For a long-term migrant in the UK from Slovakia, it is worrying how dangerous a discourse the UK has engaged in since the EU vote.
We are currently witnessing post-referendum Britain showing little ability to cope with the circumstances and gradually resorting to blaming migrant communities for the political and economic decline brought about by the decision to leave the EU. It seems that the government is using their talk on migration as a smoke-screen for covering up their lack of a clear plan for leading the country through a time that is not only damaging for immigrants but increasingly seems to deteriorate economic prospects and opportunities for UK citizens too.
The government’s proposals of how to limit EU migration seems to be to employ more British workers along the lines of a ‘British jobs for British workers’ ethos. The idea shows dubious double-standards to recruiting staff. Furthermore, while it possibly shows good intentions to tackle the unemployment of UK indigenous population, the plan does not correspond with mechanisms of labour market.
As I come from an employability and recruitment background I believe that such government measures are too naive and restrictive. Working with unemployed people has taught me that it is not simple to match employers’ requirements with jobseekers’ expectations. Every individual is defined by different circumstances – age, skills, disabilities, family and ethnic background, education, location or aspirations. It often proves difficult to combine all these factors in desirable way for both employer and employee. Therefore, the Home Office’s suggested ‘quick fix’ to replace migrant workers with British ones might be not so easy when skills, relevant experiences and qualifications are considered. Additionally a double-standard approach to recruitment may also lead to unnecessary friction, conflicts and misunderstanding in the work-place.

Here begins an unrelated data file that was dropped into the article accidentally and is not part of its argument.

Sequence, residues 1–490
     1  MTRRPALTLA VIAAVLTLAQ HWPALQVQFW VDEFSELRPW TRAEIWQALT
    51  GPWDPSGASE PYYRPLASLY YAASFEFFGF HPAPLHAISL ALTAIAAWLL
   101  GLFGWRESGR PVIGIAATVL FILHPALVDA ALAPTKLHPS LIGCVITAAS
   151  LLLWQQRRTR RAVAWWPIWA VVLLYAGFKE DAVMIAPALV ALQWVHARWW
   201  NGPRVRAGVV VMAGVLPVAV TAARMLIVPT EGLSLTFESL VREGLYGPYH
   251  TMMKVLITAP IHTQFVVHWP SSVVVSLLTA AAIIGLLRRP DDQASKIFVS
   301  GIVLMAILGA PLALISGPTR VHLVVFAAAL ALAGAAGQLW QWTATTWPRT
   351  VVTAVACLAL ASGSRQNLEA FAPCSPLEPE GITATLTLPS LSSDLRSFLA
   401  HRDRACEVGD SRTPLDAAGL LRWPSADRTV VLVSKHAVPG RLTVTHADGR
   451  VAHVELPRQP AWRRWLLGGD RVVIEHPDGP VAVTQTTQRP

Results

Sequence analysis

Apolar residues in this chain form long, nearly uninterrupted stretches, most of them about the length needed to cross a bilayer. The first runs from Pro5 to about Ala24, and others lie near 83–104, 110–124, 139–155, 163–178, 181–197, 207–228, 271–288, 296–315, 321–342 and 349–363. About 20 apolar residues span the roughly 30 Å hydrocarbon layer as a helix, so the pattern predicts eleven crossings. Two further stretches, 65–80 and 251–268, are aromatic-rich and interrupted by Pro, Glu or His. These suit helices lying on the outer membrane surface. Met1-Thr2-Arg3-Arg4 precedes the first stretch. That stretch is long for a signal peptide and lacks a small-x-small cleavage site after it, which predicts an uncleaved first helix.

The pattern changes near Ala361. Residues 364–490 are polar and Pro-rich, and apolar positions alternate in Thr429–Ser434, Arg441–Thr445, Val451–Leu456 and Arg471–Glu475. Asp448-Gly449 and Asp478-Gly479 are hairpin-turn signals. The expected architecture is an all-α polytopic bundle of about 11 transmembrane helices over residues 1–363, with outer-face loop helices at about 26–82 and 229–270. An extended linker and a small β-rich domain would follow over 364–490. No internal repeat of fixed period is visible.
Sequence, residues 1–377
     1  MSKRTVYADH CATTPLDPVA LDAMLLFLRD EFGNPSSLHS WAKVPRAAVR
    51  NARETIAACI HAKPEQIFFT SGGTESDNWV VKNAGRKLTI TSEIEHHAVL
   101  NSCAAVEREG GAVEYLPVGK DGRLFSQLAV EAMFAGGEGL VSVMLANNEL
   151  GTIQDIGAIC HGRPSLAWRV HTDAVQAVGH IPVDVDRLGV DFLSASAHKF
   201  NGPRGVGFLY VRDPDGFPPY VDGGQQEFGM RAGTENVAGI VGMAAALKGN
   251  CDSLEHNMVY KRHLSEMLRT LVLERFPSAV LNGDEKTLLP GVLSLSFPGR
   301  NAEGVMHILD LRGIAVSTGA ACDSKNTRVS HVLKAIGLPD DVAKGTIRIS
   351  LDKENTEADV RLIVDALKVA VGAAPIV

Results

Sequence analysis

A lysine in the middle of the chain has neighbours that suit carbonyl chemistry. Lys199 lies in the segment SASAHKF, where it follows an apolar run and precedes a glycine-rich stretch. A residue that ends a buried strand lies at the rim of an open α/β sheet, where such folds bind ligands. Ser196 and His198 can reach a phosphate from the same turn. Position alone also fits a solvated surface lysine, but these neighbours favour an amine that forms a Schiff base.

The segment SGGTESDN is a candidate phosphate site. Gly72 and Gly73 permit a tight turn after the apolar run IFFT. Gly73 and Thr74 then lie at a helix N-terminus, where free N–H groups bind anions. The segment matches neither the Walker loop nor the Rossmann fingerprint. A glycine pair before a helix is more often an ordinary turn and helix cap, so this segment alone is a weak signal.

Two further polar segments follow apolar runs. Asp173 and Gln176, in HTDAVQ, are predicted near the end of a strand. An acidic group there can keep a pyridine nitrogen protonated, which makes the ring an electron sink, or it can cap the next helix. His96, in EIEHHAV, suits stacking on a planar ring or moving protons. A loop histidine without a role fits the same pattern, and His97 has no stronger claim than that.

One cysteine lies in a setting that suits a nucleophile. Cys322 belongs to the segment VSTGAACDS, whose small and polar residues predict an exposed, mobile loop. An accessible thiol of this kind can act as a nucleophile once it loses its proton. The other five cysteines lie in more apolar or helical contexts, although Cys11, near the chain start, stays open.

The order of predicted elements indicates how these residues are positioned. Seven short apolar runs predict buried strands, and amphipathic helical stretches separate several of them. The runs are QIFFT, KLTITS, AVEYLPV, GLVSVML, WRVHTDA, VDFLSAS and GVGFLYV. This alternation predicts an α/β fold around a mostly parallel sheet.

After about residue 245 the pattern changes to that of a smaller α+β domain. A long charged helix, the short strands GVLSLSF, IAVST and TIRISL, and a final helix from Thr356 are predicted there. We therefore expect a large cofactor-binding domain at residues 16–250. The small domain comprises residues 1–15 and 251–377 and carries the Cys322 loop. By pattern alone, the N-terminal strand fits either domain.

It is somehow bizarre that the UK government works against mobility of the workforce within the economic block it wishes to maintain vital trade with in the future. Whether between cities, towns, regions or countries, the flexibility and mobility of the workforce provides more options to fill the gaps in the labour market on local level.
It is equally counter-productive for authorities to discourage people to come and work in the country where they would inevitably pay taxes and rent, as well as spend money on shopping, insurance, etc.
British automotive company Jaguar Land Rover recently began to build a car production factory in Slovakia where they intend to employ thousands of people. Perhaps because of geographic location, experienced and trained workforce and lower salaries, the British employer is outsourcing production abroad.
We might want to ask ourselves: which worker would contribute more to the UK economy: a worker working for a British company in Slovakia or a foreign worker working for a British company in the UK? At the end of the day an economically active person contributes more to the country where he or she resides, works, pays taxes and other costs.